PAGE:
Fuel Jettison – Fuel Dumping

On March 23, 2018, a 60-year-old woman who was traveling by plane from Shanghai to New York suddenly gasped.

She started having trouble breating. Interventing the passenger who started to lose consciousness was far beyond the responsibilities of the cabin crew. The captain knew there was only one thing to do to save him. And that is – “Pumping $20,000 worth of fuel into the sky” and then making an emergency landing. What do we mean? Let’s go further…

In this story, the plane later made an emergency landing in Alaska. The passenger was cured by being placed in a local hospital. So how did dumping $20,000 worth of jet fuel save his life? Let’s learn together.

For some reasons, airplanes have to dump their fuel in the air during the flight. This process basically reduces the weight of the aircraft.

Airplanes are designed to land under certain weights according to their types. If the plane lands heavily with fuel, it is possible that the plane will hit the ground hard and be damaged.

That day, this plane had an extra 5,000 gallons of fuel, which is roughly the weight of three elephants on landing. Therefore, landing with a full tank is quite risky.

Before the planes take off, flight dispatchers, calculate the amount of fuel needed. Thus, information about how much fuel the pilot will burn at cruising altitude and how much the plane should weigh for a safe landing is in the hands of the captain. As you can see, the captain is equipped and prepared even in possible emergencies. However, a pilot does not prefer to dump fuel unless it is really necessary.

Fuel Jettison
Fuel Planning of a Flight

If the condition is critical, like the woman in this story in 2018, it would be the right choice to dump fuel. Otherwise, if the pilot has a little more time; Fuel, which is one of the highest cost item of airline companies, will not be thrown out of the air like this. Fuel jettison systems can dump thousands of dollars worth of fuel per second. An aircraft can be defueled in a short time, bringing it back to the desired maximum landing weight. It’s as easy as turning a switch in the cockpit. However, not every aircraft may have a fuel dumping system. Aircraft without a fuel dumping system burn fuel by holding at the safe route and altitude recommended by the air traffic controller.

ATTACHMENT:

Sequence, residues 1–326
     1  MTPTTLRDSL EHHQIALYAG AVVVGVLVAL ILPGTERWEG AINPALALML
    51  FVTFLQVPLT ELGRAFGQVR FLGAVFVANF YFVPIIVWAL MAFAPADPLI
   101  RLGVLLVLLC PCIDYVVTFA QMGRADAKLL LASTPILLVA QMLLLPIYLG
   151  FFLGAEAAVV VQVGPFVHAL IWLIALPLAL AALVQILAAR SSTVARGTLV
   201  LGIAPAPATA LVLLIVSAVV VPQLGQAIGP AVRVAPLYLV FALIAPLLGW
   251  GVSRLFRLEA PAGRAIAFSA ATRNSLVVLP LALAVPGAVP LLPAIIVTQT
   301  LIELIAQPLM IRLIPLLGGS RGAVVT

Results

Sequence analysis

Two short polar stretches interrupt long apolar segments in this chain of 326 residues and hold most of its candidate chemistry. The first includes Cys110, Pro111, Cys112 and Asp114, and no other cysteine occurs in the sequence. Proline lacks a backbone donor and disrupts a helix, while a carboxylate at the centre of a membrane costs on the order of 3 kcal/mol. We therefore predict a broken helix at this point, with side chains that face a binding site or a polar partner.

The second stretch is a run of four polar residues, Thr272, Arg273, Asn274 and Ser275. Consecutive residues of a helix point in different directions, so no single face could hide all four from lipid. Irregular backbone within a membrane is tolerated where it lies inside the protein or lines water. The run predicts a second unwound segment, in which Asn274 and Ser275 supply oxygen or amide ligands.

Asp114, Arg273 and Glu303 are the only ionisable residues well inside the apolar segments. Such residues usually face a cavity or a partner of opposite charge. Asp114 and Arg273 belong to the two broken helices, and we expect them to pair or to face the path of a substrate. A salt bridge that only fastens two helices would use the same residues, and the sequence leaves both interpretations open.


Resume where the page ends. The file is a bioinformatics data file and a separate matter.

Let’s go back to our planes that can dump fuel… With a simple command from the pilot in the cockpit, fuel flows from a system at the rear of the wing of the plane.

There are certain conditions/separations that airplanes must meet in case of a possible fuel dumping.

Fuel Jettison/ Fuel Dumping Separation Minima
Fuel Jettison/ Fuel Dumping Separation Minima

Air traffic controllers also advise pilots to the nearest suitable area. And pilots climb to a higher altitude, which allows the fuel to evaporate before it reaches the ground.

Fuel jettison/dumping into the atmosphere seems to be extremely rare as it is a ‘waste of money’ as we mentioned above. In addition, the negative impact of this process on the environment is also a situation that should be considered.

According to research by British airlines, it is estimated that 0.01% of the fuel used by the aviation industry is wasted each year. If that number is still valid today, it means that about 2 million gallons of fuel have been thrown away by airlines in America alone. The same studies also argue that the dumped jet fuel must evaporate before hitting the ground, but Boeing has claimed in recent years that even if the fuel evaporates, it still hangs in the atmosphere. Boeing also made claims in the same study that the fuel would eventually reach the ground, or even be carried by the wind and become a smoke component. Different theses are still being produced and discussed on this subject.

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